Ottoman Algerian Textile Panel
A square linen panel embroidered with blue, red, pink, yellow and white silks, this piece of textile has patterns in the central field contained within a border on all four sides. The centralised composition starts with an eight-petal flower in the centre, surrounded by highly stylised vegetal patterns in red, blue and gold. Similarly, the border on four sides is embroidered with flower and leaf abstraction of the same red and blue colours.
The motifs displayed on the textile strongly suggests its origin as Algeria, as seen from several comparative materials from the Victorian and Albert Museum (1029-1855) and the Metropolitan Museum of Art (91.1.89; 26.34.52). The long, couched stiches is an embroidery technique typically see on textiles from the Ottoman empire. The square shape and size of this fabric indicates that it was likely to have been used as a wrapper (“bohça”), a functional accessory originally used for wrapping bedding, surplus clothing, tools and equipment in Turkic households. As society evolved with the creation of a property-owning middle class, the function of traditional covers such as bohça, changed – they became a symbolic formal wrapping for gifts, as there was no longer the same need for them in the house.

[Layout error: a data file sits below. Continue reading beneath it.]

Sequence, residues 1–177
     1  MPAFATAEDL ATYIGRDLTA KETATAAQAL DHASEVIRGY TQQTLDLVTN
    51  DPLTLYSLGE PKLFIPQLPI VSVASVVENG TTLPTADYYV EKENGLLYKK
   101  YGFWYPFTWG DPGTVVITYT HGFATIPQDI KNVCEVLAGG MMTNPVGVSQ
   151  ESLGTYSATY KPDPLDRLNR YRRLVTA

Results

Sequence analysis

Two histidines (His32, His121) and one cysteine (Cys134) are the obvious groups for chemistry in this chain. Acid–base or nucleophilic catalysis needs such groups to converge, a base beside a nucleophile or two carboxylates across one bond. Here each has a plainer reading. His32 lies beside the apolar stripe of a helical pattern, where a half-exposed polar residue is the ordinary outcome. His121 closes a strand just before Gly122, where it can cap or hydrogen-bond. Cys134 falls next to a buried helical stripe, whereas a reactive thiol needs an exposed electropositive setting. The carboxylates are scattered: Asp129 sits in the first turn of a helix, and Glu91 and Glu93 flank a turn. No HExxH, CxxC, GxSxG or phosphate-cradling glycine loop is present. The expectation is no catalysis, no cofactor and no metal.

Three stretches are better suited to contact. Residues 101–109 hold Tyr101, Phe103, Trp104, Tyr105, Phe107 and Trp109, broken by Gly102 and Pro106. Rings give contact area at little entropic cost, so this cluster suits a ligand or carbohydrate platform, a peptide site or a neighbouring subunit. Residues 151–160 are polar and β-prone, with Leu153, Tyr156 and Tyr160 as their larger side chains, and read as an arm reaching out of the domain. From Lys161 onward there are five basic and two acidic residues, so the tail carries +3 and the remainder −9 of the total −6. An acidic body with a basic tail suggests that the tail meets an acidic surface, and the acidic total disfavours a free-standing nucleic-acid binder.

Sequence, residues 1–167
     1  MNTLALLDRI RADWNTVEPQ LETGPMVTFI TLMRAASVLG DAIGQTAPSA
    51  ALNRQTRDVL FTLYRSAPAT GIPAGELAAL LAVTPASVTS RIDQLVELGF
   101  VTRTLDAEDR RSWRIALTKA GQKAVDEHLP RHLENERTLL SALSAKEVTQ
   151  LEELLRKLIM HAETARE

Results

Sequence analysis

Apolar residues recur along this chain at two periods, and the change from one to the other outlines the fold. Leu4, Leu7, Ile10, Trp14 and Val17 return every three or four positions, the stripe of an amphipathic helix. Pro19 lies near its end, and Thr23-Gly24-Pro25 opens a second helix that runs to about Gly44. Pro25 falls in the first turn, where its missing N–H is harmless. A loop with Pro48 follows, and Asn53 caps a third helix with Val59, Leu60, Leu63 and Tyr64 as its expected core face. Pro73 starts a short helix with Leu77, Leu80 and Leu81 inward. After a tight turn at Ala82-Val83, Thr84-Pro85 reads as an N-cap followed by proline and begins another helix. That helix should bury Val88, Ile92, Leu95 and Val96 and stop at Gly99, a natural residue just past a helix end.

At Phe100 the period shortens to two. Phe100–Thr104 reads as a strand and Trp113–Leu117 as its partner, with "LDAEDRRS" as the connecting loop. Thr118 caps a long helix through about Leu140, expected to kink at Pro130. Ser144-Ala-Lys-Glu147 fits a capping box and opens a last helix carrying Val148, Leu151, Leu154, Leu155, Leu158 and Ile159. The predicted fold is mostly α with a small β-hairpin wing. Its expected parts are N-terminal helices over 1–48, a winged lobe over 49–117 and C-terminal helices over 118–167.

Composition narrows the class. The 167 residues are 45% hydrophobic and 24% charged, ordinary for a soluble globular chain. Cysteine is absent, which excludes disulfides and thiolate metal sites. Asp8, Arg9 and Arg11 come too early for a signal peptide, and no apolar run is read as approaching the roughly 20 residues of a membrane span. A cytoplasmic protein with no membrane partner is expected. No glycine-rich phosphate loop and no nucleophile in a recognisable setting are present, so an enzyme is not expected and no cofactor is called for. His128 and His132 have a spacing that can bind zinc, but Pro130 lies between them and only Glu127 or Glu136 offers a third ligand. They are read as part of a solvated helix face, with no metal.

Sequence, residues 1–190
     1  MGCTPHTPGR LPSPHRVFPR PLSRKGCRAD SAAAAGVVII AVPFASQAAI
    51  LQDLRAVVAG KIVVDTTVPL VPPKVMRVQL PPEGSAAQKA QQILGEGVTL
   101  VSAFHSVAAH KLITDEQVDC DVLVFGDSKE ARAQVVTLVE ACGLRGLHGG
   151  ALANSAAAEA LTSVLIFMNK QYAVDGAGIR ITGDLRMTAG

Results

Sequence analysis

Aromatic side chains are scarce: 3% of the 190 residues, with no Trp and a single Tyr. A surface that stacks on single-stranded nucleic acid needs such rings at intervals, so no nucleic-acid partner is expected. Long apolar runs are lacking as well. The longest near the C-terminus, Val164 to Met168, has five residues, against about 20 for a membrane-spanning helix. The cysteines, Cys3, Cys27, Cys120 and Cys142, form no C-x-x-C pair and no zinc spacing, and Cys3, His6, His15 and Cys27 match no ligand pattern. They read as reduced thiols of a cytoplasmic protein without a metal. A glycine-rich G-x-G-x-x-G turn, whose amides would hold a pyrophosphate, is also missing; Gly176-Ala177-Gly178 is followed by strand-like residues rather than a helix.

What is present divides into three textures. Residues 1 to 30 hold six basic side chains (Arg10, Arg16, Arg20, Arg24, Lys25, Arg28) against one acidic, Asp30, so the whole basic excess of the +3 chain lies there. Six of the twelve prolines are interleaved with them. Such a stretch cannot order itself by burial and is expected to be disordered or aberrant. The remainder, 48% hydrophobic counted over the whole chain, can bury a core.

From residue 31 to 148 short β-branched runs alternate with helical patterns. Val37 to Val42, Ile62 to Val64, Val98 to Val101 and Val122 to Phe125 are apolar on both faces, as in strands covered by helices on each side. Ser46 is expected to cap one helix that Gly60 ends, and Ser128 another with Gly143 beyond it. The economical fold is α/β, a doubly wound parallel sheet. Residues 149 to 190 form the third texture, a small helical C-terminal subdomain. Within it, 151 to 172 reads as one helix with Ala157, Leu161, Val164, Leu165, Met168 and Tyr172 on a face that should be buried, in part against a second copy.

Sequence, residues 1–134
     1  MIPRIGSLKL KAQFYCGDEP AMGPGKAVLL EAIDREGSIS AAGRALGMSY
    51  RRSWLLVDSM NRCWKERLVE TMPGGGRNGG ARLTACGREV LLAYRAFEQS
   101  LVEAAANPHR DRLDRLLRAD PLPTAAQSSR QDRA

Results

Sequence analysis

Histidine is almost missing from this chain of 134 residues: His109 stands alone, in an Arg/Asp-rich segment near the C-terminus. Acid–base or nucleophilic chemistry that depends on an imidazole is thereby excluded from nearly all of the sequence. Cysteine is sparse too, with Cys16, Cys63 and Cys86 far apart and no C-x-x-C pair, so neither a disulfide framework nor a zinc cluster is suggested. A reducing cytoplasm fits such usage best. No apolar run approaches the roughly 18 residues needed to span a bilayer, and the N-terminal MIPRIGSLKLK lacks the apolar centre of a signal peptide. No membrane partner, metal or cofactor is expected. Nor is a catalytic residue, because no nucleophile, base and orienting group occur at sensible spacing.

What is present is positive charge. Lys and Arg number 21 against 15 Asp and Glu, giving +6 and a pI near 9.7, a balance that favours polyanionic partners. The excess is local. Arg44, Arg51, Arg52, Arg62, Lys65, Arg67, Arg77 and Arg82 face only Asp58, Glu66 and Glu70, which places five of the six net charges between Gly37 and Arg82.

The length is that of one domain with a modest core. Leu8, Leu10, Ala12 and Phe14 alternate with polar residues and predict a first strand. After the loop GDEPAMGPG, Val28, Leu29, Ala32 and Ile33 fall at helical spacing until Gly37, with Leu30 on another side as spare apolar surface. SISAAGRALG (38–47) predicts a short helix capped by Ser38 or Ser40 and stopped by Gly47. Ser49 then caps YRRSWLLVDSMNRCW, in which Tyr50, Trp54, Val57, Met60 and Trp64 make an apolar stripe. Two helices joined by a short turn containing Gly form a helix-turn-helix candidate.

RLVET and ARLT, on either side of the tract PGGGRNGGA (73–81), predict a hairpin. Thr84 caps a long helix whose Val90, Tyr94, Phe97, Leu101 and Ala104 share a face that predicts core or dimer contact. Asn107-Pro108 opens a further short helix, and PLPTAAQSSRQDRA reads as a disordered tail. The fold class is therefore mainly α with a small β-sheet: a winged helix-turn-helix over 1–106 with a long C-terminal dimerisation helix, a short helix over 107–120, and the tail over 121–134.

The Regency of Algiers (1516-1830) was a state in North Africa under the Ottoman occupation. Like many other regions of the Ottoman empire, Algerian embroidery took on patterns from Istanbul during the occupation period. However, the use of colours on Algerian textiles remained distinct from those made in the Ottoman heartland. The red and blue colours of our textile is characteristic of Algerian textiles – a wrapper of similar colour scheme from Algeria can be found in The Walters Art Museum, Baltimore (83.178), as well as a panel from the Metropolitan Museum of Art (28.109.3).
Taylor, Roderick, and Antony Maitland. Ottoman Embroidery. London: Studio Vista, 1993.